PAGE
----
Tuesday, 10 February 2015 - 08:12 UTC
Solar activity increased to moderate levels thanks to sunspot region 2282. It produced an M2.4 solar flare that peaked yesterday at 23:35 UTC. The solar flare was long in duration and highly eruptive. A coronal mass ejection was launched but SOHO/LASCO imagery is still incomplete so it is unsure if there is an earth-directed component. An earth-directed component is however unlikely when we consider that the flare occured close to the east-limb.
ALERT: Type II Radio Emission Begin Time: 2015 Feb 09 2323 UTC Estimated Velocity: 1190 km/s
ALERT: Type IV Radio Emission Begin Time: 2015 Feb 09 2335 UTC
Video: The M2.4 solar flare as captured by NASA SDO.
The image below shows the latest available frame from the SOHO/LASCO coronagraph. The beginning of a bright coronal mass ejection can be seen but there is no way to tell if there is an earth-directed component. As mentioned before, an earth-directed component is unlikely but should other evidence contradict this conclusion then we will be sure to let you know.
Image: latest frame from SOHO/LASCO C2 showing the beginning of a large coronal mass ejection.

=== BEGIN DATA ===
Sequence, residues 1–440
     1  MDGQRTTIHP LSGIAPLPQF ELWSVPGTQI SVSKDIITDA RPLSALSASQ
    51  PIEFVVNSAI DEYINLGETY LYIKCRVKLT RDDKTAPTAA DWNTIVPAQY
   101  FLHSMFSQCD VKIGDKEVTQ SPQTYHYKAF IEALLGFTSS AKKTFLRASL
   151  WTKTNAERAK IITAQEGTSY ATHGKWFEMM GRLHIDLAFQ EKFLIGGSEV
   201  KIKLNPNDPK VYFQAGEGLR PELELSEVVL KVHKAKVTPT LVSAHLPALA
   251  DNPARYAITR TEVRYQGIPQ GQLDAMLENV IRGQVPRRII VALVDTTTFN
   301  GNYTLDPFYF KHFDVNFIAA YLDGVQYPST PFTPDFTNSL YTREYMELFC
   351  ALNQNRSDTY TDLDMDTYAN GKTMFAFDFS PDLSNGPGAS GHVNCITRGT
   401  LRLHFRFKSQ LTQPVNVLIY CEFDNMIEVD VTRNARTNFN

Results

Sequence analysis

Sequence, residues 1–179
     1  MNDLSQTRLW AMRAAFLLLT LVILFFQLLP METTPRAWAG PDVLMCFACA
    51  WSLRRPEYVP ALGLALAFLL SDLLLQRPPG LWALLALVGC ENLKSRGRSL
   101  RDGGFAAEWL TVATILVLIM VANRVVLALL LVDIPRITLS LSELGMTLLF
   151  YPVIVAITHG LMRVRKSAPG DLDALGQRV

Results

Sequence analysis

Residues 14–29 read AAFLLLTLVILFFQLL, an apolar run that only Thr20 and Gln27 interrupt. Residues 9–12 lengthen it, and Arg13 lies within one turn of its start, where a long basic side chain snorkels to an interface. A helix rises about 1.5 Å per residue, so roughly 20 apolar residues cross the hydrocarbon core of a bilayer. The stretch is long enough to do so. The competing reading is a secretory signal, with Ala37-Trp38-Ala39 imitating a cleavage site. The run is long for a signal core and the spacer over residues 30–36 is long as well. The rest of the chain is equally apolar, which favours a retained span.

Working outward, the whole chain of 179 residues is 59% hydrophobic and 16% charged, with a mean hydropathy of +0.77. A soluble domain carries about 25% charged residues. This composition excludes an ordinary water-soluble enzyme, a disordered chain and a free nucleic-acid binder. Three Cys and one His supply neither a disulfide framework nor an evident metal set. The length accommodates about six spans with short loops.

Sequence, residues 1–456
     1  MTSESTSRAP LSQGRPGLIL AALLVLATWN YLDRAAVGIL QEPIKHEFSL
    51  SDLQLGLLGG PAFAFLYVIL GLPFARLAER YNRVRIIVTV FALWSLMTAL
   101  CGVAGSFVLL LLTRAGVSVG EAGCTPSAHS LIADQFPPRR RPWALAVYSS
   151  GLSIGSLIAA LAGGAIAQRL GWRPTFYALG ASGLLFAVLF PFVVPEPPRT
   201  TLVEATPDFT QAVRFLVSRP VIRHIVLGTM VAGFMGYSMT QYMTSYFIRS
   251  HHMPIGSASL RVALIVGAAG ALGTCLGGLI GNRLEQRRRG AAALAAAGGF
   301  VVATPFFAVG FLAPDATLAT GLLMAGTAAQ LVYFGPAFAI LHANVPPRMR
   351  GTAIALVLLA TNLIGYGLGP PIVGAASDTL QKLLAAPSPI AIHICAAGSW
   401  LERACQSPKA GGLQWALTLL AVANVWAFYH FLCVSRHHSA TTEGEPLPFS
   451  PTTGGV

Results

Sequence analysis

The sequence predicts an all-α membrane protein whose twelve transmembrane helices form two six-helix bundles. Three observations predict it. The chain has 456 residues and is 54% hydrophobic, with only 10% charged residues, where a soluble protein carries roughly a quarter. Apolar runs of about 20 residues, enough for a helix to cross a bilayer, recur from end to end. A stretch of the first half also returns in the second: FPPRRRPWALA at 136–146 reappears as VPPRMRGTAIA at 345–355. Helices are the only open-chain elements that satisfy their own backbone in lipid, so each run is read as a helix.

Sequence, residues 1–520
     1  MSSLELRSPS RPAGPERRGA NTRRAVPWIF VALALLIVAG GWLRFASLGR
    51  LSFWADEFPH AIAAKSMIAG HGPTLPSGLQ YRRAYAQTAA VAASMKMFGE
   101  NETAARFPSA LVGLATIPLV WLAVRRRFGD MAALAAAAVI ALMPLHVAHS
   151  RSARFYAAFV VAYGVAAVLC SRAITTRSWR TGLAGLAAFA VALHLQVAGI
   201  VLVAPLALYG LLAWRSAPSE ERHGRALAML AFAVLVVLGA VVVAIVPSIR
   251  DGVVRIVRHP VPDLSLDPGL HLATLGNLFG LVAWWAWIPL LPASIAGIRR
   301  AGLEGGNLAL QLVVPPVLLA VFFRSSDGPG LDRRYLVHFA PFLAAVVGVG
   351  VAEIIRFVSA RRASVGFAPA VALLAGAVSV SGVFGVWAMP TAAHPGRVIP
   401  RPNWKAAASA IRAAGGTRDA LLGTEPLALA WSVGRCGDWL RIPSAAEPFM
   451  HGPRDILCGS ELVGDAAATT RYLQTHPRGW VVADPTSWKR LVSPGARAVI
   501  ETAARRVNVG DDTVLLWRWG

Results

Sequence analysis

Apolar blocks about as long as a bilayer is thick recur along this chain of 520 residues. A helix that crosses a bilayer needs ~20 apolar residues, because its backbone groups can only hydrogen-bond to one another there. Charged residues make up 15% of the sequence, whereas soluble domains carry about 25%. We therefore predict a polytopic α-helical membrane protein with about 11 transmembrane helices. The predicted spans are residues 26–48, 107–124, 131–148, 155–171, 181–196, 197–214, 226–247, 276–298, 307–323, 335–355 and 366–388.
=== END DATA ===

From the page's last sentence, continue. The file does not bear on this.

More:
It is launch day...! Hopefully! The Deep Space Climate Observatory (DSCOVR) mission is now scheduled to launch today at 23:05 UTC from Cape Canaveral, Florida on a SpaceX Falcon 9 rocket. NOAA reports that there is a 70 percent chance of favorable weather conditions today but should anything go wrong prior to the launch, there is a backup launch opportunity tomorrow at 23:03 UTC. The launch can be followed live on NASA TV. Their coverage will begin at 22:00 UTC.
Are you wondering why the DSCOVR mission will be so important for space weather enthusiasts or do you just want to know more about the DSCOVR mission? Read our news article from Saturday!
Image: Artist's rendition of NOAA's DSCOVR: Deep Space Climate Observatory. Credit: NOAA/NASA.
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